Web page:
Escuela, Interrumpida

One of the scariest things for me about spending a few months in Puerto Rico was that the boys would have to start a new school with only three months left in the year.

In Puerto Rico, we were told, you pretty much have to send your kids to a private school, especially if they don’t speak fluent Spanish. I spent the last two months researching online, making un-returned phone calls to schools all over San Juan.

Private school. I grew up in the public schools and my Mom is a retired elementary school teacher. When I ran for office, I was and advocate of the teachers unions in the state. I’m all for public school all of the time. So this was a change for me.

Of the very few that we could afford, we had our first interview at an Episcopalian private school, a college prep school that was very strict about behavior and dress. At our interview, the principal (younger than me) kept reminding me that they were a college prep school and that the boys would have to test in to make sure they were up to snuff. I saw the test in advance and I’ll tell you that my boys were ahead of their curriculum with what they were learning in Penns Valley. Still, the principal only expressed doubt to me.

On recommendation of our friend Carlos, we walked right into the Palermo School and tried to enroll our kiddos–it’s a run by and Italian/Puerto Rican family who moved to the island 30 years ago. It’s very small and like a family. And the price is very reasonable.

Okay, so maybe you’re wondering how the boys feel about all of this? Well, they were very scared that they’d have to speak Spanish. They were very shy at first. But we left them there for an exam and when they were done they went right into their classrooms. When we picked them up, they were so happy and ready to start school immediately.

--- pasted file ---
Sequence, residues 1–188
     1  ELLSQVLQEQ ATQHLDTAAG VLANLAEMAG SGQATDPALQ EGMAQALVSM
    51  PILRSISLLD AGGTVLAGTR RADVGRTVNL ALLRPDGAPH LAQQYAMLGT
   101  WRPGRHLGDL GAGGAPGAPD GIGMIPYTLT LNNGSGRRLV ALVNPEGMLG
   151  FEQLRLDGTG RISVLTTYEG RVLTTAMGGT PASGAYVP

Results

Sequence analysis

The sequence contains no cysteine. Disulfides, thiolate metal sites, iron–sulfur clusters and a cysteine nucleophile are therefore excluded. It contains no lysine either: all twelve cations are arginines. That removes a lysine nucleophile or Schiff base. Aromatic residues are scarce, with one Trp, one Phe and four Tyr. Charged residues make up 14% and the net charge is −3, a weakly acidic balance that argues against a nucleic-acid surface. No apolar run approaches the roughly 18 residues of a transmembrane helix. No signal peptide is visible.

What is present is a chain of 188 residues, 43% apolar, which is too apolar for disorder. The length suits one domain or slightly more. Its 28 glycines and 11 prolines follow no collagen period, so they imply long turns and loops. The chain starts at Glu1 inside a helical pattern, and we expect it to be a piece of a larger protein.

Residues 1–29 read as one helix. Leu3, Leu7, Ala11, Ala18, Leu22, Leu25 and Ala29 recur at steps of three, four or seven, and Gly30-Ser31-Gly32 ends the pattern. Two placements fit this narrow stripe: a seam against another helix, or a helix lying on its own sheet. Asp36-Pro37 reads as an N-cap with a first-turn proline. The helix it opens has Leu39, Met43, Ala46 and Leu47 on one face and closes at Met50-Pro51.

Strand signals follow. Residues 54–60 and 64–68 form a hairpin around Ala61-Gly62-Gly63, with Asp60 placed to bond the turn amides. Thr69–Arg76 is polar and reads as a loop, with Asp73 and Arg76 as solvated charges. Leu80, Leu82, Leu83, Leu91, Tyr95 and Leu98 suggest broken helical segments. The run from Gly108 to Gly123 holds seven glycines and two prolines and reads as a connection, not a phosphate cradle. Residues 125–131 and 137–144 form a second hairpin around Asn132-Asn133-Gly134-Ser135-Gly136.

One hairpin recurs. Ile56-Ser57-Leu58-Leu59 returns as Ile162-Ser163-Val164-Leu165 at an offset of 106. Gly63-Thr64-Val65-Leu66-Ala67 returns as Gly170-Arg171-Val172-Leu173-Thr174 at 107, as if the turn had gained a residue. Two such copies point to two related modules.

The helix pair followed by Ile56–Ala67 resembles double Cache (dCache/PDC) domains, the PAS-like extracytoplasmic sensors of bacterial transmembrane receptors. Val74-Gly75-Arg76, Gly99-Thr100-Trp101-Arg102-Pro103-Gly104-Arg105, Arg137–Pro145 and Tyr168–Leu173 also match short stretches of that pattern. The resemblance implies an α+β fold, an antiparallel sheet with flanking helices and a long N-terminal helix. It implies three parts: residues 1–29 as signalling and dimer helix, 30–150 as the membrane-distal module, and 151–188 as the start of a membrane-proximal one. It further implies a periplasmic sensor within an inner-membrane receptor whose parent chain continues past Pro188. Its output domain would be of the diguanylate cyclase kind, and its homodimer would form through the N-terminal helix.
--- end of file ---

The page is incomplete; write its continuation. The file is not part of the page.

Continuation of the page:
It is strange what you take for granted with the public school system. Like we had to pay for everything–books, uniforms, school supplies (at Penns Valley, we only have to have a back pack), after school sports, casual Friday ($1), enrollement fees, technology fees, etc.

Most of the private schools we’ve seen have open air courtyards and plants and stuff.
Gym Class

Well we loved the school. We’d walk them the mile it took to get there and we’d pick them up in our car in the afternoon. We got one week of instruction in before the government/COVID-19 shut us down.

So here I am, the most reluctant homeschooler in the world (“I would never homeschool two boys. No way. Never. I wanna werrrrrk!)

I don’t really like it, honestly, in part, because in PR we’re not really allowed to leave the house. We do, of course. We walk to the store. We walk to the post office. We sneak to the beach at dusk when the cops seem to have gone home for the day. I’m very sure a healthy homeschool curriculum requires a shit ton of outdoor time.

But we’re making the most of it. One cool thing is that we don’t have any doors on our house. So we’re basically living in an indoor/ outdoor space. It’s also very large, so sometimes just walking to the sink or to the bathroom is a big walk. And we have one large open room where we conduct gym class–we play bad tennis, bad racquetball, and somewhat decent soccer.

Josh has been a very enthusiastic science teacher.  He's decided to start with Earth Science.  Roscoe pretty much makes up his own rules, starting every day by searching the grounds for lizards, frogs, and slugs.  Unfortunately, none of the lizards on the property have their tale anymore, because he's caught so many.  

Mad love and respect to all of the teachers out there, who are now transitioning to online curriculum. I’ll tell you what–I miss you!

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